Where will your retirement money come from? If you’re like most people, qualified-retirement plans, Social Security, and personal savings and investments are expected to play a role. Once you have estimated the amount of money you may need for retirement, a sound approach involves taking a close look at your potential retirement-income sources.
Have A Question About This Topic?
To choose a plan, it’s important to ask yourself four key questions.
Workers 50+ may make contributions to their qualified retirement plans above the limits imposed on younger workers.
One or the other? Perhaps both traditional and Roth IRAs can play a part in your retirement plans.
Longer, healthier living can put greater stress on retirement assets; the bucket approach may be one answer.
For many, retirement includes contributing their time and talents to an organization in need.
Here are 5 reason why you may consider working through retirement.
This calculator can help you estimate how much you may need to save for retirement.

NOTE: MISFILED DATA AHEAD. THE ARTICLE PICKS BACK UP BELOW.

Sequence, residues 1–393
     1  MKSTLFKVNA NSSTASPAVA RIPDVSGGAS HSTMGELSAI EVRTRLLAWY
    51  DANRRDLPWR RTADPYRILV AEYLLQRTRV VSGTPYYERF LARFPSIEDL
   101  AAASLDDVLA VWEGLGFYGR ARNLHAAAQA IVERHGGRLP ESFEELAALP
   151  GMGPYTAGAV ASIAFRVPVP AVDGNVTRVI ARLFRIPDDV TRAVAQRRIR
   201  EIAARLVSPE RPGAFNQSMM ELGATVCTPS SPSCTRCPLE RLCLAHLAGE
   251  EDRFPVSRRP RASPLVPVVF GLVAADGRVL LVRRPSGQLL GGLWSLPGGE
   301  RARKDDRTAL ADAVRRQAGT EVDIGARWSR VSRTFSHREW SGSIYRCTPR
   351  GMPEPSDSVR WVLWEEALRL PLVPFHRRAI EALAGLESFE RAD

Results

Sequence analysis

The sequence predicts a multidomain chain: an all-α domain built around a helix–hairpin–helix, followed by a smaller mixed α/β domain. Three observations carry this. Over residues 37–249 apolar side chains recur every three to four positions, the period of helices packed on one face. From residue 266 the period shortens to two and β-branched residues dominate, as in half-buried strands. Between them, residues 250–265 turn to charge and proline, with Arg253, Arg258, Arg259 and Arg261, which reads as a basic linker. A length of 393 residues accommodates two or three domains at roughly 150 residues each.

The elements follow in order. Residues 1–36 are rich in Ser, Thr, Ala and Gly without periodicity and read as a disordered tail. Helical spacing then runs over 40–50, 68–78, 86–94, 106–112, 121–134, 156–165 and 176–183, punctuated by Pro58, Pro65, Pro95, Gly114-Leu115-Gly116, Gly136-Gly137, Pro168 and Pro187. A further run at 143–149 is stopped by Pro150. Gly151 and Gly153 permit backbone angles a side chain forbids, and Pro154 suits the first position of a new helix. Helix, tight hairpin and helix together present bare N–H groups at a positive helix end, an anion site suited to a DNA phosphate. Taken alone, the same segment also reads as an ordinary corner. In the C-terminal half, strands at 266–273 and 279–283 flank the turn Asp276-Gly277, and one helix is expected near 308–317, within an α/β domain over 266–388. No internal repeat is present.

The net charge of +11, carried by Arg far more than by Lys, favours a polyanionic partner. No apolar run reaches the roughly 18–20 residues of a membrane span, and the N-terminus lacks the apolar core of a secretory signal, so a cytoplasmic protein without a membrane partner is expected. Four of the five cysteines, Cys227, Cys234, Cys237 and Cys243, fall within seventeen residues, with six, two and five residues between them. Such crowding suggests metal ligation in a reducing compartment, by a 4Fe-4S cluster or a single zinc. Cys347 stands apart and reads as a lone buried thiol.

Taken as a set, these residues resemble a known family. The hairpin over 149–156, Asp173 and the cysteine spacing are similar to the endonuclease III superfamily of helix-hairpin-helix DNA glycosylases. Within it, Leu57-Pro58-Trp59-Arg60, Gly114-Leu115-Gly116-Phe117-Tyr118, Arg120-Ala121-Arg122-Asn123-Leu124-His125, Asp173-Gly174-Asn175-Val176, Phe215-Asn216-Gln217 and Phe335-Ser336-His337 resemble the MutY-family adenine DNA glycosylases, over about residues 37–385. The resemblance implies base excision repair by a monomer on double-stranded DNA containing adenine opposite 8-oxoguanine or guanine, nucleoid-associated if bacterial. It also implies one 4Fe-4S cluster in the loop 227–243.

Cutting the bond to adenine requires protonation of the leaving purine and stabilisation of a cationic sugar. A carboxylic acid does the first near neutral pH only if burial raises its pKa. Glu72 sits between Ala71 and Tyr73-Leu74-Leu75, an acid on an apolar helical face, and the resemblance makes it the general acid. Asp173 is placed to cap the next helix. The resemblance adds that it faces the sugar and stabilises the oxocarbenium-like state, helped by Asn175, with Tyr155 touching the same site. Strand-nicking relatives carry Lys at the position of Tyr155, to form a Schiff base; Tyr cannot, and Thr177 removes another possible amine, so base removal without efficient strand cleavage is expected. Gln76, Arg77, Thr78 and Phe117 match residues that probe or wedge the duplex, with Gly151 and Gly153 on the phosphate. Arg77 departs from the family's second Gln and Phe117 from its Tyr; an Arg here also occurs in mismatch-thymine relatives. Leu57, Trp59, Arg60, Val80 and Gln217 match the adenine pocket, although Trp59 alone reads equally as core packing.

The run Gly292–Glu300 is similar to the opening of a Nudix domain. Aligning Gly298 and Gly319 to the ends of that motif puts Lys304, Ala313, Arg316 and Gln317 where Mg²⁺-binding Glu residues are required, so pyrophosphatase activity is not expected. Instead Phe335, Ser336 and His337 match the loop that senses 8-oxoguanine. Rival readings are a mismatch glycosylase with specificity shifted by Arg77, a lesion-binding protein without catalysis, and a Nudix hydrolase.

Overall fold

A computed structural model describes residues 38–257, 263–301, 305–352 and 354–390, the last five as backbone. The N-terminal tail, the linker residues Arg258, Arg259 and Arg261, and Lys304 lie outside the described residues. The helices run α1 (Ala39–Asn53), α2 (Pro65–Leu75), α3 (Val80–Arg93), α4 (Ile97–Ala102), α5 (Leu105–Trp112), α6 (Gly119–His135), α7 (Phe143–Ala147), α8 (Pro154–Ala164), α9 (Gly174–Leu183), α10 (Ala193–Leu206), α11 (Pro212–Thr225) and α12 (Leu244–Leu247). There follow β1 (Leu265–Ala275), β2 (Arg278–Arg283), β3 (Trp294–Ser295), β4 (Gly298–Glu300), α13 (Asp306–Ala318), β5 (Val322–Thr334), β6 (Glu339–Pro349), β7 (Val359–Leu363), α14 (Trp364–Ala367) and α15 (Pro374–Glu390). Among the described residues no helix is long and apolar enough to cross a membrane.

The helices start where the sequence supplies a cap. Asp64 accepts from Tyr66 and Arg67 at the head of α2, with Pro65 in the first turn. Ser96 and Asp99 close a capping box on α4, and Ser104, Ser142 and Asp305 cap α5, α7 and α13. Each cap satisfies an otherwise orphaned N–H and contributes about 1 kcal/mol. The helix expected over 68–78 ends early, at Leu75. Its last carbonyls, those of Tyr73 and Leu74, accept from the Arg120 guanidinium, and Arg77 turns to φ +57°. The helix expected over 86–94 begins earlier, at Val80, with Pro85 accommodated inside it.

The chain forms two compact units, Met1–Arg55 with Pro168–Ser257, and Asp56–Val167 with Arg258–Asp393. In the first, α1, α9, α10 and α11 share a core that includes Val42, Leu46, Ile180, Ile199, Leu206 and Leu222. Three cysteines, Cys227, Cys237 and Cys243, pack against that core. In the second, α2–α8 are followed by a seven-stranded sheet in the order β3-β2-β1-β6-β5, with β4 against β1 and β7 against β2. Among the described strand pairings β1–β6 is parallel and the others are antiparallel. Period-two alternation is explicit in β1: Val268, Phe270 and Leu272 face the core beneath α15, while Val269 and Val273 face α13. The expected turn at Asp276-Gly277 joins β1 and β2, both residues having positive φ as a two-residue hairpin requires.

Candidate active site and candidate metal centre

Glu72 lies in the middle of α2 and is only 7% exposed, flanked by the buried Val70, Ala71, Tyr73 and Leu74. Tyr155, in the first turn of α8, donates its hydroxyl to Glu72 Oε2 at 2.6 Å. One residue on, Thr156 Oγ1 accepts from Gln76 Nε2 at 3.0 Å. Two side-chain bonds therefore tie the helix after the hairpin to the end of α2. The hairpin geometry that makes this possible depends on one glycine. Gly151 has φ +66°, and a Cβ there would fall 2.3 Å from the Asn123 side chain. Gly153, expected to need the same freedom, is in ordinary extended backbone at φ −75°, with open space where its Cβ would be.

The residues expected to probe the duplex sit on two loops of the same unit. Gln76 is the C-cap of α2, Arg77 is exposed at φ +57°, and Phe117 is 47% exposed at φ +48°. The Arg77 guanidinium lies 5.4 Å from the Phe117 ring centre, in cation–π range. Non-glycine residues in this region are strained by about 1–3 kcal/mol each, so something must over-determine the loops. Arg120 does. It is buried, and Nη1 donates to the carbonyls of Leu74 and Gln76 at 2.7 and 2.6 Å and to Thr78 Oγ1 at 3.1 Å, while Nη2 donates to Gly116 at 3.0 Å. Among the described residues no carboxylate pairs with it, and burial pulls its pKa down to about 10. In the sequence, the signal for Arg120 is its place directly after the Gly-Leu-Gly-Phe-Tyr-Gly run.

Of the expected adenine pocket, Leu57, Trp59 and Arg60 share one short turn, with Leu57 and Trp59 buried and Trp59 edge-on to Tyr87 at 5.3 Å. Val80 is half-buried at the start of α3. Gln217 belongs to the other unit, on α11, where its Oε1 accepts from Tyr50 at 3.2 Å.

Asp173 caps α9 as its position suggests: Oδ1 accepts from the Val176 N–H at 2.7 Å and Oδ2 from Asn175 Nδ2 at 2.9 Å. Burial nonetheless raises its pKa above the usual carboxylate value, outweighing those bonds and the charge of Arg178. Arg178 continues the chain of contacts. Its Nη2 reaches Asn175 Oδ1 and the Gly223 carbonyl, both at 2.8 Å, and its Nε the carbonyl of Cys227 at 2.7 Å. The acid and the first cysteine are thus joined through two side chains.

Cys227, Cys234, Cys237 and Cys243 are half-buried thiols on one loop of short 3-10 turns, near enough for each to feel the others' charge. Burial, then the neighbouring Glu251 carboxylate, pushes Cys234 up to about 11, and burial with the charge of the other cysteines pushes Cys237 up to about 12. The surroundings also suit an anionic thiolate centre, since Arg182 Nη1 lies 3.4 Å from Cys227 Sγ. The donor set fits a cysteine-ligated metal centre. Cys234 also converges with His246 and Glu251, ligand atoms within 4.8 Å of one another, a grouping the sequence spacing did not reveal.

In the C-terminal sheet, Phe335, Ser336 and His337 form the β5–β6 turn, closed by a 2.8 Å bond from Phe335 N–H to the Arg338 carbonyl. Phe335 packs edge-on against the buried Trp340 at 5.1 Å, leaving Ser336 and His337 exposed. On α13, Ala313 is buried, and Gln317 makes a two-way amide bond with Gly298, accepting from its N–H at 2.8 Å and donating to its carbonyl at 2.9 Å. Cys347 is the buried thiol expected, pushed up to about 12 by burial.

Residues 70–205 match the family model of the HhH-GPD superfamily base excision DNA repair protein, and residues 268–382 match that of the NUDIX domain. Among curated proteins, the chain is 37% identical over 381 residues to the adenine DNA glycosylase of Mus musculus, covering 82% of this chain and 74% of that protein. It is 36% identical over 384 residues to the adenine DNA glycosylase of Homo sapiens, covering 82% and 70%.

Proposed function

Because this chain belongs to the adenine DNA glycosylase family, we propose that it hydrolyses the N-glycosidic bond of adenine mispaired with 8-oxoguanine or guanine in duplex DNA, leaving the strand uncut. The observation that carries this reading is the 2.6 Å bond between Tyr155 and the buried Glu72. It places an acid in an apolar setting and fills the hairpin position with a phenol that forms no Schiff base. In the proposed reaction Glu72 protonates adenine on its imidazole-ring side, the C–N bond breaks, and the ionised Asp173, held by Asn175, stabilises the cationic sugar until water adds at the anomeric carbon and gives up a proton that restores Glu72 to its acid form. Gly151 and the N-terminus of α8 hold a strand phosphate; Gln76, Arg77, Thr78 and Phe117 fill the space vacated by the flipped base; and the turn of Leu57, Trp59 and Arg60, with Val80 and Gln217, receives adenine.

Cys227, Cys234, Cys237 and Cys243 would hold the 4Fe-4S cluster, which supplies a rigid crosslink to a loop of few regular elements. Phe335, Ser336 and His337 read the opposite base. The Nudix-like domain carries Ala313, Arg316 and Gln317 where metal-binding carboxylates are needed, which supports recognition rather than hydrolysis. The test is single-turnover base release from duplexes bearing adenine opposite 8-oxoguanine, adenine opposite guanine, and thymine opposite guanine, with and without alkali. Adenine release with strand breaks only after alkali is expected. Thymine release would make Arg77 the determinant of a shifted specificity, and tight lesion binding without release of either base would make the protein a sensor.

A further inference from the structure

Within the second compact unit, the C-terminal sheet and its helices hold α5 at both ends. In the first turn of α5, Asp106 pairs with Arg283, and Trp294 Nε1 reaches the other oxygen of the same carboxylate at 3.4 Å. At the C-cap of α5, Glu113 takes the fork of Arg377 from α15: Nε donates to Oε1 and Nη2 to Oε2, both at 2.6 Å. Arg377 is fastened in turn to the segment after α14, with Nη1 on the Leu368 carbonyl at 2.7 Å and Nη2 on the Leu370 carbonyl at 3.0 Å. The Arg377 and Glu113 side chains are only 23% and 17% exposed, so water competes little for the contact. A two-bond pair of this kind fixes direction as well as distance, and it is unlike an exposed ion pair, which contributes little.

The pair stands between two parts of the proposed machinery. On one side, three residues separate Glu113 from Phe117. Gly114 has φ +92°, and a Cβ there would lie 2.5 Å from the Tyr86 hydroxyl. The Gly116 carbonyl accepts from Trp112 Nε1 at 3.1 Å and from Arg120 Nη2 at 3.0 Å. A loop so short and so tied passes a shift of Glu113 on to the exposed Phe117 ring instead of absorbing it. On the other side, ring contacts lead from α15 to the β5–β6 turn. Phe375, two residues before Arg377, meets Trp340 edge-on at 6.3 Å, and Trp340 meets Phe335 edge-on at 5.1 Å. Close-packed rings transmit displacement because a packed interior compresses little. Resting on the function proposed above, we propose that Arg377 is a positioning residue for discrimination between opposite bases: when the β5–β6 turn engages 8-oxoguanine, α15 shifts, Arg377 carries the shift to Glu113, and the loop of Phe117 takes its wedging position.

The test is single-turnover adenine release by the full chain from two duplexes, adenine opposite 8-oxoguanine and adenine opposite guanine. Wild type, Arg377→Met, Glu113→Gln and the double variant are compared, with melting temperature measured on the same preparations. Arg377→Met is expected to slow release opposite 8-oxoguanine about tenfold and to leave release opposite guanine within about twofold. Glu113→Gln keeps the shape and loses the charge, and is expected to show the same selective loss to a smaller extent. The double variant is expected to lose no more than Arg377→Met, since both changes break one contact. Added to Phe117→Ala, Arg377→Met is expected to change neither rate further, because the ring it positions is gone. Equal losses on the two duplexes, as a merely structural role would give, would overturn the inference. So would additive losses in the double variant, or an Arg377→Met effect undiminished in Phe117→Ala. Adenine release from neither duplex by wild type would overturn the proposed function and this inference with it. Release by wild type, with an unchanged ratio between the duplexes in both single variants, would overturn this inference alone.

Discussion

This calculator compares employee contributions to a Roth 401(k) and a traditional 401(k).
This calculator compares a hypothetical fixed annuity with an account where the interest is taxed each year.
This calculator may help you estimate how long funds may last given regular withdrawals.
Estimate your monthly and annual income from various IRA types.
Estimate how long your retirement savings may last using various monthly cash flow rates.
A number of questions and concerns need to be addressed to help you better prepare for retirement living.
Investment tools and strategies that can enable you to pursue your retirement goals.
Around the country, attitudes about retirement are shifting.
Retiring early sounds like a dream come true, but it’s important to take a look at the cold, hard facts.
For women, retirement strategy is a long race. It’s helpful to know the route.
Taking your Social Security benefits at the right time may help maximize your benefit.
There are three things to consider before dipping into retirement savings to pay for college.
What does your home really cost?